Osteoporosis drugs and dental problems
Allison Perrin, MD, Geriatrics Fellow at Banner Good Samaritan Medical Center answered this question. It was reviewed by Gary Salzman, MD, Geriatric Fellowship director at Banner Good Samaritan Medical Center.
Question: I have been osteopenic for years now (I had osteoporosis at 36 years old and treated with Fosamax). Now I am told I have more loss of bone and should take Fosamax again. I am worried by reports of jaw bone problems caused by Fosamax. I have started taking calcium with Vitamin D again.
Answer: It is not typical to have a diagnosis of osteoporosis at 36 years of age. Bones reach their peak density at age 30 and osteoporosis is usually not diagnosed until after menopause in women. Someone diagnosed this early should be evaluated for secondary (other) causes of osteoporosis; including thyroid disease, hyperparathyroidism, Vitamin D deficiency or celiac sprue. If a secondary diagnosis has not been made and corrected, the bones will continue to weaken despite medicines such as Fosamax.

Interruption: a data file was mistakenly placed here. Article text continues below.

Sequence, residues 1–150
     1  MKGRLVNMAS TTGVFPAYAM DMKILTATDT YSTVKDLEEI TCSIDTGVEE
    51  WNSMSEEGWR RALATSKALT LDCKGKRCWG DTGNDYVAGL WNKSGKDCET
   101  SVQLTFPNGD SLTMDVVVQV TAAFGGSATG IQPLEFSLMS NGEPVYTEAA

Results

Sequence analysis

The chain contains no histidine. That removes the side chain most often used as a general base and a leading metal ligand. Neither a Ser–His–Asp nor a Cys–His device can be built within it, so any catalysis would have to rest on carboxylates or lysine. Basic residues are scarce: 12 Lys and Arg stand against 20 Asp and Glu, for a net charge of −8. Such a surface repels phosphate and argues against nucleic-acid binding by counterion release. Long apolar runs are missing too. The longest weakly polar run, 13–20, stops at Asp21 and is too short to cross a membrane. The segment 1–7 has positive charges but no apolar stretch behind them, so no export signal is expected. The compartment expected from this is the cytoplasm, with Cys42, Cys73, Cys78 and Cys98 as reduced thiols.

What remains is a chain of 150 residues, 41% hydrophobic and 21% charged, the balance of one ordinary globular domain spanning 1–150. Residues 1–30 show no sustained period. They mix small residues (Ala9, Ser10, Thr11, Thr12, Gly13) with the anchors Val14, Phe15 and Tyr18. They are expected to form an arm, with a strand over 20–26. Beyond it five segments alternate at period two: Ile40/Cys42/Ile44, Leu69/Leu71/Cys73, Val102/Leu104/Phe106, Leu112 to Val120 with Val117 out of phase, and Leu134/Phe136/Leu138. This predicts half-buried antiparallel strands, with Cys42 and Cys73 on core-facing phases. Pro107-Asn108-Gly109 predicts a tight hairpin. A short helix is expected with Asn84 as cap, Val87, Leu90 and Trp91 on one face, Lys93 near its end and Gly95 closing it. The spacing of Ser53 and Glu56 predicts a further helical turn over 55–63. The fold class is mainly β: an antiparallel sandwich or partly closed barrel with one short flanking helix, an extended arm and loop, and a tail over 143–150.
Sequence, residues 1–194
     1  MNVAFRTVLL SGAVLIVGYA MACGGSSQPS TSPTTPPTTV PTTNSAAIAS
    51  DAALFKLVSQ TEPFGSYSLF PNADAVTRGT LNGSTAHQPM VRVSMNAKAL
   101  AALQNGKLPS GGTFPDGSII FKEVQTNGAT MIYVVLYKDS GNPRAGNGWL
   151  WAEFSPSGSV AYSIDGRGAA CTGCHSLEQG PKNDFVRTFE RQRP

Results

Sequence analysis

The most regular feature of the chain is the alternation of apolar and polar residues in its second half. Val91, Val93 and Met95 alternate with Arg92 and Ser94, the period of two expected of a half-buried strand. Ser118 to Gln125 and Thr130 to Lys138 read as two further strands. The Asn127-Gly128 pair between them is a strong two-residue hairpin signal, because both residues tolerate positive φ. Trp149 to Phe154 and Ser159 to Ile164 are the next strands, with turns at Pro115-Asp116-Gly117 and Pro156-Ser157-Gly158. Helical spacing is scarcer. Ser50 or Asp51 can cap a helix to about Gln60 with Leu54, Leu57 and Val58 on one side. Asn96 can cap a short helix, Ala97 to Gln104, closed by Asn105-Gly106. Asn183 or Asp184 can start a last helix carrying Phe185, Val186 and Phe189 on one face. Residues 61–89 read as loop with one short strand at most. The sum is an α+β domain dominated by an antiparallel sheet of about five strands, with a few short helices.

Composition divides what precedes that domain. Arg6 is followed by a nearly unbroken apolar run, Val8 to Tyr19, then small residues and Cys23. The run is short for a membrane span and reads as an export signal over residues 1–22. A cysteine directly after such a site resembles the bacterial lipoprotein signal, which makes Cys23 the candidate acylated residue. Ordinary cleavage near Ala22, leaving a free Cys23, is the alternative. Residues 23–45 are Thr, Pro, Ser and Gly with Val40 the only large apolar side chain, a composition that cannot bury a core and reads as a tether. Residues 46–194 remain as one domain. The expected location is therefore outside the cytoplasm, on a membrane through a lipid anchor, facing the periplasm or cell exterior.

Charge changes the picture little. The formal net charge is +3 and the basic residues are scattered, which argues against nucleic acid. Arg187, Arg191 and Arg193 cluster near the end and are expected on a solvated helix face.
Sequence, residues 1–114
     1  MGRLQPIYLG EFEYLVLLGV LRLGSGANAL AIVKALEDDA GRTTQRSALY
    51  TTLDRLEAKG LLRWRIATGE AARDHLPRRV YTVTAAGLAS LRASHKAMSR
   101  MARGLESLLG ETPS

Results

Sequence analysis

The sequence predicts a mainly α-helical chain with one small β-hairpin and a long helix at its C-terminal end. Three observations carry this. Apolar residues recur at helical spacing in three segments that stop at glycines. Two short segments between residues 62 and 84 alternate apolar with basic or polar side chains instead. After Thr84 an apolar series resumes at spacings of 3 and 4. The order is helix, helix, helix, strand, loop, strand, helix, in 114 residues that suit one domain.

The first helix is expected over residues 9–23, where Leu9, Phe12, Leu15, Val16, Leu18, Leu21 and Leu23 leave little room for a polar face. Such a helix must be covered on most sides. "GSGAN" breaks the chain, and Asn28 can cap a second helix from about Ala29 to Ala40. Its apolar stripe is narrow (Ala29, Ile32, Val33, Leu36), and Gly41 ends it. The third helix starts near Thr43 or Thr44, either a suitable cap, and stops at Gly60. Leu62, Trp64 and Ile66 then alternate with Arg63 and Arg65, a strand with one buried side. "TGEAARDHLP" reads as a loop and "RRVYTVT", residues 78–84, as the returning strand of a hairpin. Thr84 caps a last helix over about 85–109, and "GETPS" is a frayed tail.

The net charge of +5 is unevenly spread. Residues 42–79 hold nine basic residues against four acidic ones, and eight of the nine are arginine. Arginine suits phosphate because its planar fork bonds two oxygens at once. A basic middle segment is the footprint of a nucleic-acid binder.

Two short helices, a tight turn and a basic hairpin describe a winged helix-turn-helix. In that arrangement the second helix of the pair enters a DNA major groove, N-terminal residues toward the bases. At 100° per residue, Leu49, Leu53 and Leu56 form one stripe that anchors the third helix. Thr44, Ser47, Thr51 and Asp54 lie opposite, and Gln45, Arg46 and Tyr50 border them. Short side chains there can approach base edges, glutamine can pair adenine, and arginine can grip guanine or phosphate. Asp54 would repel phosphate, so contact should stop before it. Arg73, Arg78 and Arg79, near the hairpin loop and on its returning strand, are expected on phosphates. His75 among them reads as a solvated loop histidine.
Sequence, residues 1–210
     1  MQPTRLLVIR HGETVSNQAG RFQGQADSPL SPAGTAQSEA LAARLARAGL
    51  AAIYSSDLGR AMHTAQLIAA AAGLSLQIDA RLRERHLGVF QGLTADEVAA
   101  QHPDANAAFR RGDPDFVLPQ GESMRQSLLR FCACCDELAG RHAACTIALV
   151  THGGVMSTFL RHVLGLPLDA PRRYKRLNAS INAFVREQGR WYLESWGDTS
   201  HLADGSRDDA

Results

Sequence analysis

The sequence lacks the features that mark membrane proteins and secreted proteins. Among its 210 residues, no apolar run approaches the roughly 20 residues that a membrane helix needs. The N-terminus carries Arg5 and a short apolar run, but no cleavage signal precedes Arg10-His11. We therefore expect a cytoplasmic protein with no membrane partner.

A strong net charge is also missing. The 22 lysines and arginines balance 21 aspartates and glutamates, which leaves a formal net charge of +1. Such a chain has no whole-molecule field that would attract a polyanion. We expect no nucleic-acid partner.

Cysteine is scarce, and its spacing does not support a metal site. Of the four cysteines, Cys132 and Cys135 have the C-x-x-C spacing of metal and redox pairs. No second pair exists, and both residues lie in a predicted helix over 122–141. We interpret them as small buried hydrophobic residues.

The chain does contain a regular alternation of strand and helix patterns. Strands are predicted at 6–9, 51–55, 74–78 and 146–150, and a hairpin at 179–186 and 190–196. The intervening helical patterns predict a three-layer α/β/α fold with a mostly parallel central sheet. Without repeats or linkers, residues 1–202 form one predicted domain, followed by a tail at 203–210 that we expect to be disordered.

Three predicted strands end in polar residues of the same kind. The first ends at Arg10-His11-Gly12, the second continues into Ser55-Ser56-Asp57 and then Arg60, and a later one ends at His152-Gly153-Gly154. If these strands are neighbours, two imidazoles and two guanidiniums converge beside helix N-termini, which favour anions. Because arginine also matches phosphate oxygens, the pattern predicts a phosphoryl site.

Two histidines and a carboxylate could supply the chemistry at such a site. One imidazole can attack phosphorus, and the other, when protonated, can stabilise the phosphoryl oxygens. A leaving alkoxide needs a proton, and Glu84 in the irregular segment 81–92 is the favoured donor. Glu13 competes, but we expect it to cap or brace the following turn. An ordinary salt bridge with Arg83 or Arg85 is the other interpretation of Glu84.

Osteonecrosis of the jaw is a very rare complication of using medications such as Fosamax, Actonel, Boniva, and Reclast. When it does occur, it is more commonly associated with IV medications and occurs during the treatment period. It is doubtful that this is the cause of your dental problems.
It is important to take enough calcium and Vitamin D. The National Osteoporosis Foundation’s recommendations are 1200 mg of calcium and 800-1000 IU of Vitamin D per day.
If secondary causes are ruled out, then treatments options would include estrogen or using Fosamax or that class of drugs. It is very important that you not treat yourself, and to discuss these issues and further treatment of your osteoporosis with your primary care physician who may ask that you see an endocrinologist.